Neil stops for us to discuss.

Q: How do you define the justice?

A: Good question. Fairness? Freedom? The designer has a choice about how to define it.

Q: A UN project created an IT platform that put together farmers and direct consumers. The pricing seemed fairer to both parties. So, maybe avoid intermediaries, as a design principle?

Neil continues. So, what is the concept of justice here?

1. Rawls and Kant: Transcendental institutionalism. It’s deontological: follow a principle for perfect justice. Use those principles to define a perfect institution. The properties are defined by a social contract. But it doesn’t work, as in the examples we just saw. What is missing. People and society. [I.e., you run the institution according to principles, but that doesn’t guarantee that the outcome will be fair and just. My example: Early Web enthusiasts like me thought the Web was an institution built on openness, equality, creative anarchy, etc., yet that obviously doesn’t ensure that the outcome will share those properties.]

2. Realized-focused institutionalism (Sen
2009): How to reverse this trend. It is consequentialist: what will be the consequences of the design of an institution. It’s a comparative assessment of different forms of institutions. Instead of asking for the perfectly justice society, Sen asks how justice can be advanced. The most critical tool for evaluating any institution is to look at how it actually realizes how people’s lives change.

Sen argues that principles are important. They can be expressed by “niti,” Sanskrit for rules and institutions. But you also need nyaya: a form of social arrangement that makes sure that those rules are obeyed. These rules come from social choice, not social contract.

Example: Gig economies. The data comes from mechanical turk, upwork, crowdflower, etc. This creates employment for many people, but it’s tough. E.g., identifying images. Use supervised learning for this. The Turkers, etc., do the labelling to train the image recognition system. The Turkers make almost no money at this. This is the wicked problem of market design: The worker can have identifications rejected, sometimes with demeaning comments.

The Market for Lemons” (Akerlog, et al., 1970): all the cars started to look alike and now all gig-workers look alike to those who hire them: there’s no value given to bringing one’s value to the labor.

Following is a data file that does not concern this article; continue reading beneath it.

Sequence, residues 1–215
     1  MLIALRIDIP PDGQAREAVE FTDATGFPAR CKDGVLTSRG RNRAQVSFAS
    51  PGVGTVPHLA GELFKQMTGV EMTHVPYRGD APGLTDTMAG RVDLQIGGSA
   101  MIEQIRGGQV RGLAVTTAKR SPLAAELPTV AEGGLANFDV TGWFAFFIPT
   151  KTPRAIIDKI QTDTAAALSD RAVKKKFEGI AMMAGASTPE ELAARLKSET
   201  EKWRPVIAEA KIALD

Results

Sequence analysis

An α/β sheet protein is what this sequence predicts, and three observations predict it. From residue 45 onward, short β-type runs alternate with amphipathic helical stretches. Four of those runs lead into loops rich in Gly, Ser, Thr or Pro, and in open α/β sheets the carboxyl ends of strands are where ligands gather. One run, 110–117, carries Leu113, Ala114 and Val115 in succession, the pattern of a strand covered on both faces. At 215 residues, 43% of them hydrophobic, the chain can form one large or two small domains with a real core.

So, who owns the data? Who has a stake in the models? In the intellectual property?

If you’re a gig worker, you’re working with strangers. You don’t know the reputation of the person giving me data. Or renting me the Airbnb apartment. So, let’s put a rule: reputation is the backbone. In sharing economies, most of the ratings are the highest. Reputation inflation. So, can we trust reputation? This happens because people have no incentive to rate. There’s social pressure to give a positive rating.

So, thinking about Sen, can we think about an incentive for honest reputation? Neil’s group has been thinking about a system [I thought he said Boomerang, but I can’t find that]. It looks at the workers’ incentives. It looks at the workers’ ratings of each other. If you’re a requester, you’ll see the workers you like first.

Does this help AI design?

MoralMachine has had 1.3M voters and 18M pairwise comparisons (i.e., people deciding to go straight or right). Can this be used as a voting based system for ethical decision making (AAAI 2018)? You collect the pairwise preferences, learn the model of preference, come to a collective preference, and have voting rules for collective decision.

Q: Aren’t you collect preferences, not normative judgments? The data says people would rather kill fat people than skinny ones.

A: You need the social behavior but also rules. For this you have to bring people into the loop.

Q: How do we differentiate between what we say we want and what we really want?

A: There are techniques, such as “Bayesian Truth Serum”nomics.mit.edu/files/1966”>Bayesian Truth Serum.

Conclusion: The success of markets, institutions or algorithms, is highly dependent on how this actually affects people’s lives. This thinking should be central to the design and engineering of socio-technical systems.

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April 2, 2018

"If a lion could talk" updated

“If a lion could talk, we could not understand him.”
— Ludwig Wittgenstein, Philosophical Investigations, 1953.

“If an algorithm could talk, we could not understand it.”
— Deep learning, Now.

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March 19, 2018